Workday Lunch: Aurora Provisions

It may be said that Malcolm’s motivation for moving back to the United States has to do entirely with lunch, and more specifically, sandwiches. One of the first things that you should know about us is that we are not snobs. We appreciate, no, we relish, the art of sandwich at every socio-economic level. We’ve deconstructed Subway and ravished Quiznos on many occasions. On our first day in the new apartment, when we needed a break from arranging paintings of ships and ducks and hauling all our clothes and photos and Oriental rugs up to the second floor, we went right down Clark Street to Vespucci’s, a neighborhood deli and market in the Italian style, and floor-feasted back here on very respectable cold cut grinders, to which we gave appropriate thanks and praise. But we have also, and I don’t mean to intimidate you with my cosmopolitanity, lived in Brooklyn, a borough that of late has flexed its ability to engorge your mouth with salami combination, herbed cheeses and artisanal breads. We used to get down on some fancy sandwiches from Naidre’s and Sweet Melissa as a matter of course on any weekday. That is, in a nutshell, how we roll.

A neighborhood sandwich shop is a very good thing. You take a little walk and notice events that aren’t on the internet, perhaps you interact with a full-sized dog or baby, you fill your lungs with fresh air and develop an appetite for meat, cheese, vegetables and condiments nestled between carbohydrates. It was such a confluence of hunger and desire for human contact that led me to Aurora Provisions earlier today.

Aurora Provisions sells wine, beer and other beverages, premade takeway dishes like quiche and shepherd’s pie, baked goods and breads (people, I saw red velvet cake bars. drink in those four words: red. velvet. cake. bars.) fancy shelf staples, e.g. good olive oil, as well as soups and sandwiches at lunchtime. It’s tagline tells me it has “beautiful food for busy people”, and I like that. The soups today were not to my liking, as it is drizzly and chilly and on offer was a gazpacho and a carrot ginger something. I sidled up to the counter. Malcolm requested Southwestern Turkey and I chose the Parisienne Baguette. I grabbed two bags of chips: Covered Bridge brand Creamy Dill Pickle (outstanding!) and Kettle Fully Loaded Baked Potato (just okay) and Liv Organic sports drink, lemon flavor, which is essentially Gatorade made with agave necatar, and was thirst-quenching indeed. Back at the ranch, we unwrapped the deli paper and stood and stared with admiration at the fine craftsmanship of our selections. Malcolm photographed. His bread was soft but toothsome, surrounding fresh turkey breast and mild cheese, but what I noticed most was the sauce; the sweet, smoky and spicy Chipotle set off the flavors and made my taste buds do a little horizontal mambo.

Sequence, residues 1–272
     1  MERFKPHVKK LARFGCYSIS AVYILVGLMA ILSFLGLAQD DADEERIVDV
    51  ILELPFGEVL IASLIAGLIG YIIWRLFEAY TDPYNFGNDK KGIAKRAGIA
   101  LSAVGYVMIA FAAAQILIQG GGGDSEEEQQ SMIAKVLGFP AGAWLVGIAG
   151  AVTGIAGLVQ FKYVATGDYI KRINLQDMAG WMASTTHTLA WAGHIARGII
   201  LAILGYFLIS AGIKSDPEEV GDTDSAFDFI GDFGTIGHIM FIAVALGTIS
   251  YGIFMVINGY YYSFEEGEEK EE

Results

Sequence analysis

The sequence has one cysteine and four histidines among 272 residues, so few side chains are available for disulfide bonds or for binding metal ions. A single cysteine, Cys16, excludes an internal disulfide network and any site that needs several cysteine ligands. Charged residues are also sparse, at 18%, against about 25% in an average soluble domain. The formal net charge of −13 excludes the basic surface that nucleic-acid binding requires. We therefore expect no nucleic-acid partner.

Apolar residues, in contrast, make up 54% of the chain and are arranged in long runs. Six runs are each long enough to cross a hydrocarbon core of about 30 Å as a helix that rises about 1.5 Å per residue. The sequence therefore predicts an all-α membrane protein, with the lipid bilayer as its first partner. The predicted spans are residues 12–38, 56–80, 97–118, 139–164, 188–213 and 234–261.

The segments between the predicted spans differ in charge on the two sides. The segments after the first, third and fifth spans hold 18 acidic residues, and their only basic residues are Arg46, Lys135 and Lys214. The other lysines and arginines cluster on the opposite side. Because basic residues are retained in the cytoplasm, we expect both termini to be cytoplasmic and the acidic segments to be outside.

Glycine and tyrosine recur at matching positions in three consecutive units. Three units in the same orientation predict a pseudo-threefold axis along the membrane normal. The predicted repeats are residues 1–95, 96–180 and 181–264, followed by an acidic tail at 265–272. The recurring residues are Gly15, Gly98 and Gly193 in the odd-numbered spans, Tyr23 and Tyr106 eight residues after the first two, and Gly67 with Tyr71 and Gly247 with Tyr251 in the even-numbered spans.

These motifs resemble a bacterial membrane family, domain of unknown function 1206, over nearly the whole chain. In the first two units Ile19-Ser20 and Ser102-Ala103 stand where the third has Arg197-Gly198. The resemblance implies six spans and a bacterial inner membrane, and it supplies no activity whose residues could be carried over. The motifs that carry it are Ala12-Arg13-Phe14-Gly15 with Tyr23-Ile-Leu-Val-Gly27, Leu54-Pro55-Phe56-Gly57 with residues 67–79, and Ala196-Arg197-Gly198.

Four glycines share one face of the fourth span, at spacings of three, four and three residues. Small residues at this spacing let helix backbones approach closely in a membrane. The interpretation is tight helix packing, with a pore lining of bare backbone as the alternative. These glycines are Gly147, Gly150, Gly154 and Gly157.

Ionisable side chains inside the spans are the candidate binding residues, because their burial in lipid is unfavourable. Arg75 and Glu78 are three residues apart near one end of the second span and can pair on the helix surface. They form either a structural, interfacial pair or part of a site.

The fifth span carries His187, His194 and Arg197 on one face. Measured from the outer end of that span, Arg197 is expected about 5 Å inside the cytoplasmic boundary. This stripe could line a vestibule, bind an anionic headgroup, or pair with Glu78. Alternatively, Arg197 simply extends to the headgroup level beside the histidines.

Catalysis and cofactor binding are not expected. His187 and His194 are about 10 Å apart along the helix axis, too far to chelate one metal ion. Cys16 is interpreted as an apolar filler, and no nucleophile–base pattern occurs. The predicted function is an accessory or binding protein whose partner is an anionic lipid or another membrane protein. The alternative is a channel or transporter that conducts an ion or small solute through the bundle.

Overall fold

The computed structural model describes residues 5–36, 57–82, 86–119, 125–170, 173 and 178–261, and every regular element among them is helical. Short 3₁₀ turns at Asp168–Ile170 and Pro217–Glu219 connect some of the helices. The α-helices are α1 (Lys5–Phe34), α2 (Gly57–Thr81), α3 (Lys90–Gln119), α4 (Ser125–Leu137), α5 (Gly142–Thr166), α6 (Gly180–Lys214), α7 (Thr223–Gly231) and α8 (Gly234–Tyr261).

I think I won today’s lunchoff. You simply cannot win against ham and brie. The combination of these two lusty elements is earthy and sublime, neither overwhelming the other, complementing and completing like perfect paramours. Adding interest and tang, therein lied a whiff of dijon mustard and adorable slices of cornichon, all resting within the crusty shards of real french bread. I have not had such spoils since I ate near the fountain of the Place de Voges.

I paid a little over twenty dollars for all that I entailed, which is high when you are just bringing it home. I would absolutely go again for lunch, but I think for us it will become a weeknight stop for foccaccia and a bottle of Albarino, or a morning place for chocolate croissants and a Turtle Latte. As far as fancy sandwiches go, I think they are doing solid B work. Pretty good stuff for a plain old Tuesday.

You can read another great writeup of Aurora Provisions here.

Photo: claudiaredux

Jillian Bedell

Jillian Bedell is a writer and mother living in a farmhouse in Cushing, Maine. She is very good at talking about herself in the third person. She is co-author of Eating in Maine: At Home, On the Town, and On the Road. She creates content on the internet, on subjects ranging from summer camps to semi-precious stones to the folklore of food. With Malcolm, Jillian was one of the original "Insiders," for the Visit Maine tourism campaign. She loves telling the stories of her adopted state, finding out-of-the-way places, and people making interesting things. Watching her daughters play in the wild woods and fields of Cushing makes her very happy.

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